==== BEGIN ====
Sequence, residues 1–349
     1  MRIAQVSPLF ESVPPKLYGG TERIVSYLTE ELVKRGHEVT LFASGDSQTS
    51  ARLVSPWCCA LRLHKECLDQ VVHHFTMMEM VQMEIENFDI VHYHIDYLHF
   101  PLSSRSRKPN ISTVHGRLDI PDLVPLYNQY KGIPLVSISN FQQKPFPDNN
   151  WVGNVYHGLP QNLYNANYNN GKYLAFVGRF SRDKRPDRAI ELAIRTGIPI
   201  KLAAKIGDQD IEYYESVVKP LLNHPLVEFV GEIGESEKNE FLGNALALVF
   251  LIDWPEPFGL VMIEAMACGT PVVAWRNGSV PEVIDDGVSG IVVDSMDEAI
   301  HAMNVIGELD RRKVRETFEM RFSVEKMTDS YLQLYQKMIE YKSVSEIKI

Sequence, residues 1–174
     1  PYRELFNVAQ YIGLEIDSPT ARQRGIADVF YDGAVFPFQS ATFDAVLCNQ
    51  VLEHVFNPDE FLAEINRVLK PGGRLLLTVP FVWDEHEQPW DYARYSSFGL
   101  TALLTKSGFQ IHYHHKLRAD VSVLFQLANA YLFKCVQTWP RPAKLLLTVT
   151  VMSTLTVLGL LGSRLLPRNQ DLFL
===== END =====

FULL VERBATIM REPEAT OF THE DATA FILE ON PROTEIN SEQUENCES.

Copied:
Sequence, residues 1–349
     1  MRIAQVSPLF ESVPPKLYGG TERIVSYLTE ELVKRGHEVT LFASGDSQTS
    51  ARLVSPWCCA LRLHKECLDQ VVHHFTMMEM VQMEIENFDI VHYHIDYLHF
   101  PLSSRSRKPN ISTVHGRLDI PDLVPLYNQY KGIPLVSISN FQQKPFPDNN
   151  WVGNVYHGLP QNLYNANYNN GKYLAFVGRF SRDKRPDRAI ELAIRTGIPI
   201  KLAAKIGDQD IEYYESVVKP LLNHPLVEFV GEIGESEKNE FLGNALALVF
   251  LIDWPEPFGL VMIEAMACGT PVVAWRNGSV PEVIDDGVSG IVVDSMDEAI
   301  HAMNVIGELD RRKVRETFEM RFSVEKMTDS YLQLYQKMIE YKSVSEIKI

Sequence, residues 1–174
     1  PYRELFNVAQ YIGLEIDSPT ARQRGIADVF YDGAVFPFQS ATFDAVLCNQ
    51  VLEHVFNPDE FLAEINRVLK PGGRLLLTVP FVWDEHEQPW DYARYSSFGL
   101  TALLTKSGFQ IHYHHKLRAD VSVLFQLANA YLFKCVQTWP RPAKLLLTVT
   151  VMSTLTVLGL LGSRLLPRNQ DLFL